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GEN James Alward Van Fleet, Sr
Birth: Mar. 19, 1892
Bergen County
New Jersey, USA
Death: Sep. 23, 1992
Polk City
Polk County
Florida, USA

US Army General. A highly decorated combat veteran of World Wars I and II and the Korean War, he rose in rank to become the commander of the US 2nd and 8th Armies and the United Nations Forces in Korea. Born in Coytesvill, Fort Lee, New Jersey, he moved with his family to Florida as a baby and grew up there. After graduating from the Summerlin Institute, Bartow, Florida in June 1911, he received an appointment to the US Military Academy at West Point, New York where he excelled in football and in June 1915 he was commissioned a 2nd lieutenant of Infantry and assigned to the 3rd Infantry Regiment at Madison Barracks in Sackett's Harbor on Lake Ontario. The following year he was sent to El Paso, Texas where he participated in the Mexican Punitive Expedition (also known as the Pancho Villa Expedition). In July 1918, as a captain, he was sent to France and assumed command of the 17th Machine Gun Battalion and saw combat action in the Gerardmer Sector and the Meuse-Argonne Offensive, where he was wounded. Following the end of World War I, he remained in Europe with his unit and returned to the US in June 1919 and was assigned to Camp Grant, Illinois for a year and then to the Reserve Offices Training Corps at the Kansas State Agricultural College in Manhattan, Kansas. Following assignments as Professor of Military Science and Tactics at South Dakota State College in Brookings, South Dakota and the University of Florida in Gainesville, Florida (where he was the head coach of the Florida Gators football team that posted a 12-3-4 record), he became a battalion commander with the 42nd Infantry in the Panama Canal Zone. In 1927 he returned to the US and was an instructor at the US Army Infantry School at Fort Benning, Georgia. In 1929 he returned to his professorship at the University of Florida and four years later he was assigned to the 5th Infantry Regiment at Fort Williams, Maine. In 1935 he became an instructor with the Organized Reserves at San Diego, California and remained there until September 1939 when he returned to Fort Benning to command a battalion of the US Army 29th Infantry Regiment. In June 1941, as a colonel, he became commander of the US Army 8th Infantry Regiment of the 4th Infantry Division and in January 1944 they were sent to England to prepare for the invasion of France and on D-Day (June 6, 1944), they landed on Utah Beach at Normandy. Later that year he commanded the US Army 4th and 90th Infantry Divisions. In March 1945 he became commander of the US Army 3rd Corps and advanced deep into Germany that led to the final defeat of the Axis powers. Following the surrender of Germany in May 1945 he returned to the US at Camp Polk, Louisiana and remained there until June 1946 when he was assigned to the 2nd Service Command at Governor's Island, New York and later became deputy commanding general of the US 1st Army there, at the rank of permanent brigadier general. In December 1947 he was sent to the US Army European Command in Germany, promoted to the permanent rank of major general, and the following February was transferred to the US Army Group, American Mission for Aid to Greece, Athens, Greece. Later that month he was promoted to the rank of lieutenant general and became the director of the Joint US Military Advisory and Planning Group in Greece and during the Greek Civil War, heassisted the Greek military in defeating the Communist insurgents who wanted to take control of the government. In August 1950 he returned to the US and became commander of the US 2nd Army at Fort George G. Meade, Maryland. In April 1951 he was assigned to Korea and appointed Commanding General of the US 8th Army and United Nations Forces in Korea and promoted to the rank of general three months later. He retired in that position in 1953 with 38 years of continuous military service. Among his military decorations and awards include the Distinguished Service Cross (with two oak leaf clusters), the Distinguished Service Medal (with three oak leaf clusters), the Silver Star (with two oak leaf clusters) the Bronze Star (with two oak leaf clusters, the Purple Heart (with two oak leaf clusters), the Air Medal (with one oak leaf cluster), the Army Commendation Medal, the Mexican Border Service Medal, the World War I Victory Medal (with three service stars), the Army of Occupation of Germany Medal (1918-1923), the American Defense Service Medal, the American Campaign Medal, the European-African-Middle Eastern Campaign Medal (with five service stars), the World War II Victory Medal, the Army of Occupation Medal (1946-1990), the National Defense Service Medal, the Korean Service Medal (with seven service stars, the United Nations Korea Medal, the Presidential Unit Citation, and the Republic of Korea Presidential Unit Citation. His foreign decorations and awards include the Greek Grand Cross of the Order of the Phoenix, Distinguished Medal of Honor, and Grand Commander of the Order of George I, the Korean Order of Diplomatic Service Merit (with gold star), the Iranian Royal Order (grade 1), the British Distinguished Service Order, the French Legion of Honor and Croix de Guerre (with palm), the Belgian Croix de Guerre (with palm), the Dutch Grand Cross of the Order of Orange Nassau (with swords), the Columbian Order of Boyaca, along with awards from Ethiopia, Republic of China, Thailand, and the Philippines. In 1957 he helped to establish the Korea Society. And in 1961 he was recalled to active duty by President John F. Kennedy to assess the US Army National Guard and Special Service Forces. He died in his sleep at the age of 100. At the time of his death, he was the oldest living US military general officer. The James A. Van Fleet Award was established by the Korea Society in his honor in 1992 to recognize individuals who have made significant contributions to closer US-Korea ties. The James A. Van Fleet State Trail that runs from Polk City to Mable, Florida is also named in his honor. He was featured on the cover of the May 23, 1949 and the May 14, 1951 editions of Time magazine. In 2001 author Paul F. Braim published a biography on Van Fleet's life entitled "The Will to Win." (bio by: William Bjornstad)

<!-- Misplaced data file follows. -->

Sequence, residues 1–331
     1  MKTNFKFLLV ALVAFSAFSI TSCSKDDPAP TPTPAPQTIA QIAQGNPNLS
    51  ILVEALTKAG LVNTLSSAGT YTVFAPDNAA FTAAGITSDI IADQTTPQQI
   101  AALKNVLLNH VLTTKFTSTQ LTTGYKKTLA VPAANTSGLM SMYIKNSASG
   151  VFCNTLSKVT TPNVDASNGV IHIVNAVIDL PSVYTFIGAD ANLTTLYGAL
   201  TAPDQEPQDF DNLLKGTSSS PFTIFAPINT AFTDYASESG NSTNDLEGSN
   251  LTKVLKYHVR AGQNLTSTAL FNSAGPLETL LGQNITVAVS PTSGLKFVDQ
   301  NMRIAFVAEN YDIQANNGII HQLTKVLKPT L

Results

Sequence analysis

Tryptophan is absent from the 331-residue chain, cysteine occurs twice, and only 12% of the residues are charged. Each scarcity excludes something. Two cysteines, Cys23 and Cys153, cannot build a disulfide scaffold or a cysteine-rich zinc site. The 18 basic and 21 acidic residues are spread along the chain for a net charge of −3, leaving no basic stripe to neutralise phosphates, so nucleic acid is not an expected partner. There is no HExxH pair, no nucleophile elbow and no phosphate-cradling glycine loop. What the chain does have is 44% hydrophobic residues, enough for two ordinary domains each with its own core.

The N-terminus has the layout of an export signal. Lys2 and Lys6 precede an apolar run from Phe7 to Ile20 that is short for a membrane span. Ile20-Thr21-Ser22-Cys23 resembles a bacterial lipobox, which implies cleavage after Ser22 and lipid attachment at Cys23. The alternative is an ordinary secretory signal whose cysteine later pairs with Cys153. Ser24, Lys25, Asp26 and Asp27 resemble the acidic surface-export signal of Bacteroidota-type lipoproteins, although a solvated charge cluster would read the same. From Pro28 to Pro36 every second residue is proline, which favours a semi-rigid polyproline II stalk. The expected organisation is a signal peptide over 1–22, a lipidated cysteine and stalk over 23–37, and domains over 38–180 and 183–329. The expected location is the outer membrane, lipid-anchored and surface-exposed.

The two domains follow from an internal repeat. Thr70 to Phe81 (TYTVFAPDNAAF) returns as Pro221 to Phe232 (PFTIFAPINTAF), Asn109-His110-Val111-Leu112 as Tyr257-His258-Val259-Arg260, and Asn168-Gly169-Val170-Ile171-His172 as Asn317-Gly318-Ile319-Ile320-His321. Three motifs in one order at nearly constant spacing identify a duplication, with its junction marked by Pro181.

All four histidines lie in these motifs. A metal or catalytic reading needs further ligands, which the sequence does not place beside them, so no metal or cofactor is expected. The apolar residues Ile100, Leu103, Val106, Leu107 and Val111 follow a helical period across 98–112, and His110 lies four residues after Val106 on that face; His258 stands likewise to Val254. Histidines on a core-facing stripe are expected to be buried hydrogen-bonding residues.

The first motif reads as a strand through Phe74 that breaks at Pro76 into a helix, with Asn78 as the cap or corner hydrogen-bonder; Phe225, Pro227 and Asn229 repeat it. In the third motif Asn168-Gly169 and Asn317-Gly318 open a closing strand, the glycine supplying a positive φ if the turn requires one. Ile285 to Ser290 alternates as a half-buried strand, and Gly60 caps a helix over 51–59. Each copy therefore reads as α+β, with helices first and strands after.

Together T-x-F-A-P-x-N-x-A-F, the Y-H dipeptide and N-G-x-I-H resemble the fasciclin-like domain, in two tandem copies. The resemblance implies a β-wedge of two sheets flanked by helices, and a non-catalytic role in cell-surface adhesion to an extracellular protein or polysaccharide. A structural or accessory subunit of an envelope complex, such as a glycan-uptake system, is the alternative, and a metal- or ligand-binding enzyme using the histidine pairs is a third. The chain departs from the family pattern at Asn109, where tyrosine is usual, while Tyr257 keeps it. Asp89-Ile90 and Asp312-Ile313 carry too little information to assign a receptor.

Family links: 
  William Van Fleet (1833 - 1919)
  Medora Roxanne Scofield Van Fleet (1855 - 1918)
  Helen Moore Van Fleet (1892 - 1984)
  Helen Elizabeth Van Fleet McConnell (1916 - 2009)*
  James Alward Van Fleet (1925 - 1952)*
  Mattie Van Fleet Dickey (1878 - 1977)*
  William Robert Van Fleet (1881 - 1943)*
  Lois Van Fleet Dickinson (1883 - 1978)*
  James Alward Van Fleet (1892 - 1992)
*Calculated relationship
Arlington National Cemetery
Arlington County
Virginia, USA
Plot: Section 7 Lot 8195-A Grid V/W-24
Maintained by: Find A Grave
Originally Created by: chris trieble
Record added: Oct 17, 2002
Find A Grave Memorial# 6859363
GEN James Alward Van Fleet, Sr
Added by: Bobb Edwards
GEN James Alward Van Fleet, Sr
Added by: Bill Heneage
GEN James Alward Van Fleet, Sr
Added by: Bill Heneage